Book Review: Down Comes the Night by Allison Saft

Rating: 1.5 out of 5.

Genre: Gothic Fantasy Romance Young Adult
Publisher: Wednesday Books
Publication Date: March 2nd, 2021
Pages: Hardcover, 400 pages
Source: NetGalley

He saw the darkness in her magic. She saw the magic in his darkness.

Wren Southerland’s reckless use of magic has cost her everything: she’s been dismissed from the Queen’s Guard and separated from her best friend—the girl she loves. So when a letter arrives from a reclusive lord, asking Wren to come to his estate, Colwick Hall, to cure his servant from a mysterious illness, she seizes her chance to redeem herself.

The mansion is crumbling, icy winds haunt the caved-in halls, and her eccentric host forbids her from leaving her room after dark. Worse, Wren’s patient isn’t a servant at all but Hal Cavendish, the infamous Reaper of Vesria and her kingdom’s sworn enemy. Hal also came to Colwick Hall for redemption, but the secrets in the estate may lead to both of their deaths.

With sinister forces at work, Wren and Hal realize they’ll have to join together if they have any hope of saving their kingdoms. But as Wren circles closer to the nefarious truth behind Hal’s illness, they realize they have no escape from the monsters within the mansion. All they have is each other, and a startling desire that could be their downfall.

Allison Saft’s Down Comes the Night is a snow-drenched romantic fantasy that keeps you racing through the pages long into the night.

Love makes monsters of us all.

There are slight spoilers for the novel in this review.

Down Comes the Night by Allison Saft is an interesting mix of two genres, Gothic and fantasy romance, that Saft doesn’t quite manage to blend well.

Saft has all the pieces of a good story here, but the way they’re brought together doesn’t make sense after a while. I don’t often say this but Down Comes the Night has too much going on to just be a stand-alone novel, and that’s thanks to the fantasy elements. There are things that happen that are easily solved in order to keep the plot going in the direction Saft needs it to go. The biggest offender is near the end, when Hal has been imprisoned and Wren and her commanding officer/first love go to save him. There are only three guards in front of his cell, and they’re all “inexperienced” according to Saft. Why would you put inexperienced guards on a notorious war criminal’s cell? You put your best on that post. Predictably, Wren and her commanding officer are able to intimidate the officers away, and they literally walk out of the prison with Hal.  Everything worked too conveniently according to what Saft needed to happen, even when logic dictates that it shouldn’t have. I spent too much of this novel going, “This shouldn’t have worked, and I can literally think of several reasons why.”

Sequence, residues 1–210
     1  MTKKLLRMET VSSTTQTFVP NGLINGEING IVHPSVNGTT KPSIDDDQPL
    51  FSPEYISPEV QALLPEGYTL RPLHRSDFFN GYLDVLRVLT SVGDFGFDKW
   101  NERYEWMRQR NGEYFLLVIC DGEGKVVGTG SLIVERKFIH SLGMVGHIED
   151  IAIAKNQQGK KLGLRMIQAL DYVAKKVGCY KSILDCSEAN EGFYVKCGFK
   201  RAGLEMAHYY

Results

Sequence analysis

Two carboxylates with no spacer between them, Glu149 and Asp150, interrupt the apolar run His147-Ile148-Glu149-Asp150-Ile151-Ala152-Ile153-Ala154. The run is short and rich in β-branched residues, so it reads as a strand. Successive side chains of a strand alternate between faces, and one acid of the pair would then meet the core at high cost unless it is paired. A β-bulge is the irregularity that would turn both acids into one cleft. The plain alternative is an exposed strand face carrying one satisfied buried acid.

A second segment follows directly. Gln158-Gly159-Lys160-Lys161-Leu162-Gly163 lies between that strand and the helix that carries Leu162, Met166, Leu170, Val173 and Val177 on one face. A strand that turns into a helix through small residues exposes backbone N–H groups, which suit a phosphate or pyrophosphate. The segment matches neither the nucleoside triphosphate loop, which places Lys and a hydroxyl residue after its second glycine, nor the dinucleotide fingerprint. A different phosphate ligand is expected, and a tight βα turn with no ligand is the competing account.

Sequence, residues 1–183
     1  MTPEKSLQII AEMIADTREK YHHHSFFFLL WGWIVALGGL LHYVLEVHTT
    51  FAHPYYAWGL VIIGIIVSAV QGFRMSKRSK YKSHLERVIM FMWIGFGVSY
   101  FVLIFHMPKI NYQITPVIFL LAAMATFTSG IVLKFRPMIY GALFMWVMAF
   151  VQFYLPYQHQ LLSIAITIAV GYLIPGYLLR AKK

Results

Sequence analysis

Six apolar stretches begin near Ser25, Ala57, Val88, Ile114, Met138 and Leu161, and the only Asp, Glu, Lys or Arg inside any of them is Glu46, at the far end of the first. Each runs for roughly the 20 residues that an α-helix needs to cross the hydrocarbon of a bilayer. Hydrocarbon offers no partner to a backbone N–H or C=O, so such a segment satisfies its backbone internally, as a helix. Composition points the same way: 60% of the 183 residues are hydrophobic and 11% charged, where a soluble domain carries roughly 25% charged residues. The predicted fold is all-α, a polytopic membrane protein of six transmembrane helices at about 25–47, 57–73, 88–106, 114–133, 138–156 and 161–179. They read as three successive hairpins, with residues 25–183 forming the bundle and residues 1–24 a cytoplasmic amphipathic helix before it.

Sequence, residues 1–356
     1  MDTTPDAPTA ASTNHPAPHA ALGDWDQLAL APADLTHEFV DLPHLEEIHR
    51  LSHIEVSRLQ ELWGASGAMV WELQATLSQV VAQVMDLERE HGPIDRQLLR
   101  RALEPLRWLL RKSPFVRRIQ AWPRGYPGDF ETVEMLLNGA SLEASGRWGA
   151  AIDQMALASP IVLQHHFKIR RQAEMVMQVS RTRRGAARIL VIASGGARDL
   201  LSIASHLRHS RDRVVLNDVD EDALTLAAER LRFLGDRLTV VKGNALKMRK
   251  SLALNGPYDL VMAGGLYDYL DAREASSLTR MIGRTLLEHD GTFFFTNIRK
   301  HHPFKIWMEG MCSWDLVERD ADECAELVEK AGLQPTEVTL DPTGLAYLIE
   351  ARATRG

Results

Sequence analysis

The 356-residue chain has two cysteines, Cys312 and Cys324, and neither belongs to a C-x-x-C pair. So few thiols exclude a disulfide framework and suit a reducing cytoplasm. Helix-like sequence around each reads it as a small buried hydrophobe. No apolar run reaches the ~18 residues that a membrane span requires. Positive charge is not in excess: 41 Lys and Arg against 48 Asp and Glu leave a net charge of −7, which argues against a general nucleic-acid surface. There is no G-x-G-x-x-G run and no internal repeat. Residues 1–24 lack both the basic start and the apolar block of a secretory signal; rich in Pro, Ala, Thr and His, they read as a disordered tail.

The timeline of the novel is literally two weeks, maybe three, and in that time I’m meant to believe that Wren and Hal are able to not only put aside their differences to be civil with each other, but fall in love? I couldn’t buy it, unfortunately. I can see what Saft was trying to do with Wren’s character, making her a compassionate, emotional girl who can connect with people, and I do appreciate that. There just wasn’t enough time for me to believe that her relationship with Hal progressed the way that it did.

Added to that, the villain’s plot doesn’t stand up under scrutiny. The villain is an interesting character on their own, but ultimately their storyline had too many holes in it I couldn’t ignore, and too many instances of characters acting a certain way so that Saft could get the villain to do what she needed him to do. The worldbuilding, which influences the villain’s plot, also doesn’t hold up once you think about it for too long.

Maybe if Saft hadn’t tried to do so much in one novel, it would be better. But the constant convenience of everything going whatever way Saft needs it to in that moment in order to get to the next checkpoint on the plot became too much to ignore, and ultimately, does the story a severe disservice.

Book Review: A Promise of Fire (Kingmaker Chronicles #1) by Amanda Bouchet

Rating: 1 out of 5.

Genre: Fantasy romance
Publisher: Sourcebooks Casablanca
Publication Date: August 2nd, 2016
Pages: 441, mass market paperback
Source: Library